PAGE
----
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Camille Pinchart

One-dimensional nanoscale confinement of electrolytes within carbon nanotubes: Lithium-Metal-Polymer "All-Solid" batteries at room temperature

Published on 20 December 2022
Thesis presented December 20, 2022

Here, we propose an original battery separator that allows to free oneself from the need to maintain Lithium Metal Polymer batteries at high temperatures (80°C). Freeing oneself from this constraint is a major challenge, particularly for the automotive industry.
To date, lithium-ion technology is a mature and widely used technology. However, it has some limitations, in particular relatively modest energy densities and two major safety risks: i) a phenomenon of dendritic growth of the lithium can lead to short-circuiting of the two electrodes which can induce spontaneous combustion of the device and i) environmental risks in the event of assembly failure and dissemination of lithium hydroxide.
Equipped with pure lithium metal anodes, the All-Solid batteries allow to reach high energy densities. A canonical electrolyte is Polyethylene Oxide (PEO) doped with lithium salts. These are known as "Lithium Metal Polymer" (LMP) batteries. The ionic conductivity of the electrolyte is closely linked to the dynamics of the polymer chains, which act as a solid solvent. To ensure the mechanical strength of the assembly, high molecular weight POE (35 kg.mol-l) is used, which in its creep regime has a high viscosity (n) that limits the conductivity of the lithium (Stokes-Einstein relation: the diffusion coefficient is as 1/η).
This technology faces a strong physical constraint: for good conduction performances it is necessary to maintain the battery at 80°C, a temperature higher than the melting point of POE bulk (60°C).

In this context, we propose a battery separator consisting of a composite polymer membrane whose porosity is ensured by macroscopically oriented Carbon NanoTubes (CNT). This device allows to combine several effects:
- The mechanical strength of the device is ensured by the membrane, the use of liquid POE (500 g.mol-1) at room temperature. Its low viscosity allows rapid diffusion of lithium ions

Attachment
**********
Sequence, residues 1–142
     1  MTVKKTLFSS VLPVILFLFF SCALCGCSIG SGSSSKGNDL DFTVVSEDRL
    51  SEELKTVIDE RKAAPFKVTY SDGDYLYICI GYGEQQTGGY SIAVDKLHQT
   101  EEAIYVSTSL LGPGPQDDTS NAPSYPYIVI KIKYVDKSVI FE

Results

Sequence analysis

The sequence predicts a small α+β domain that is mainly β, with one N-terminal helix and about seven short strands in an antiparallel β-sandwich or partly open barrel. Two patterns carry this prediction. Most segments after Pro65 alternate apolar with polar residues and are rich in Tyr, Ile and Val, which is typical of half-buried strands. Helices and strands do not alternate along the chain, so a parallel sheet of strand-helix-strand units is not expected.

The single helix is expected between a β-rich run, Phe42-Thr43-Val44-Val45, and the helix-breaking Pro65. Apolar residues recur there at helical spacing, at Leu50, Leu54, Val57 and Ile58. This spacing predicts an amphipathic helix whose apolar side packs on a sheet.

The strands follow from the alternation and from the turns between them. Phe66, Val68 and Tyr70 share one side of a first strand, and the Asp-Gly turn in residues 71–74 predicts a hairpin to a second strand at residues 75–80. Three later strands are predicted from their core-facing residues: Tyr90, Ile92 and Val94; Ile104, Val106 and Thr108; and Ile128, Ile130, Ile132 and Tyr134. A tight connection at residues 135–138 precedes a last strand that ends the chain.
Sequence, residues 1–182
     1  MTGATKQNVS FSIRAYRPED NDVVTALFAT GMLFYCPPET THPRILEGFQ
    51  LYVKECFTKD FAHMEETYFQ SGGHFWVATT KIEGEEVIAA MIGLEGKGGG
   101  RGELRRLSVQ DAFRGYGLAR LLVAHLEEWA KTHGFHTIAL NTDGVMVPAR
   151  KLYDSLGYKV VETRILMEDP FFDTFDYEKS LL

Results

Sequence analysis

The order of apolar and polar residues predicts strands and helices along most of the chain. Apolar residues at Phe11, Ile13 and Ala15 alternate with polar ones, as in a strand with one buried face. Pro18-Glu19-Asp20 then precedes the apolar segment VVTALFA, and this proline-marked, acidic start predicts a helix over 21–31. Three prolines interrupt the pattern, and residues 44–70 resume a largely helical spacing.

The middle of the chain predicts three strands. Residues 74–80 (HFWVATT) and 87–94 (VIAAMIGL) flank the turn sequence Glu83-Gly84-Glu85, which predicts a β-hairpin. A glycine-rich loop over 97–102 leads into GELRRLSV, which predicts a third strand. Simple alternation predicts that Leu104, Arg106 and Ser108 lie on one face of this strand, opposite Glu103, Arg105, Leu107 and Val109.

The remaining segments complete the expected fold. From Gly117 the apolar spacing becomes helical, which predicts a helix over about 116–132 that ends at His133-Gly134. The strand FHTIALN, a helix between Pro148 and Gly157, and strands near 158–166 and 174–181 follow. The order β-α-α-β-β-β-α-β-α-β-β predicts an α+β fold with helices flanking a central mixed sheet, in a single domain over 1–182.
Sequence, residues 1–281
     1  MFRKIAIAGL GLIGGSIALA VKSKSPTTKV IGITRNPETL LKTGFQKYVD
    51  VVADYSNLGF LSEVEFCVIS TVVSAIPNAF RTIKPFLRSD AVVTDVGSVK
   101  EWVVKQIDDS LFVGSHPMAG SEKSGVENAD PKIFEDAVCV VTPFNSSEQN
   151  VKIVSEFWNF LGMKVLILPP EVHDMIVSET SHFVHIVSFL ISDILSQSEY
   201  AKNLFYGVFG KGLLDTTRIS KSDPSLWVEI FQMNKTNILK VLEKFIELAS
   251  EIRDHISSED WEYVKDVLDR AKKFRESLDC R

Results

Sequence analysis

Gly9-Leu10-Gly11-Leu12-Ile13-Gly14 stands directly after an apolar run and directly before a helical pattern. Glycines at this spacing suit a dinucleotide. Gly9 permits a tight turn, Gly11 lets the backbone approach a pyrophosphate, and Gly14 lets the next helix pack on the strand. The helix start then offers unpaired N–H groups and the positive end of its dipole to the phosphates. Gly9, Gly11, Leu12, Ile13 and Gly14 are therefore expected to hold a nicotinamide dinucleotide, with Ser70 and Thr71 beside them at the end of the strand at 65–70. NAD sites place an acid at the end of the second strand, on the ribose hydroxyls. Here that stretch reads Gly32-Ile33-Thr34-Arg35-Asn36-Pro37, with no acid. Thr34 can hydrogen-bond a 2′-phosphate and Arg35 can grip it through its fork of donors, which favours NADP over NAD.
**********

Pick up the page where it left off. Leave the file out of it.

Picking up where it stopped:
- One-dimensional (1D) ionic conduction from one electrode to the other through the pores.
- A significant lowering of the melting point by the Gibbs-Thomson effect, i.e. shifting TM. the melting point of a material towards low temperatures according to ΔTM1/d where d is the characteristic size of a pore.

We characterise the membrane morphology by a coupled Scanning Electron Microscopy (SEM) and Small Angle Neutron Scattering (SANS) study. We show, by neutron imaging, that the CNT core allows an efficient transport of the electrolyte from one side of the membrane to the other. The dynamics of the POE is probed from the molecular to the mesoscopic scale by Quasi-Elastic Neutron Scattering (QENS) and Nuclear Magnetic Resonance (NMR). Conductivity is characterised by i) Electrochemical Impedance Spectroscopy (EIS) and cycling on a Swagelok assembly ii) an alternative method in an electrochemical cell on a membrane of which only a small fraction of the CNT are made accessible by a FIB (Focused Ion Beam) etching.
Thanks to a factor of 3 gain in conductivity offered by the 10 confinement and the use of liquid PEO, we equal at room temperature the conductivity offered by PEO 35 kg. mol-1 at 80°C. We also obtain a lowering of the melting point of the confined electrolyte by 17 K. This work provides proof of concept that our proposed battery separator is relevant as a separator for All-Solid Lithium-Metal-Polymer batteries functional down to 5°C.

Electroyte, Carbon NanoTube, battery, caracterisation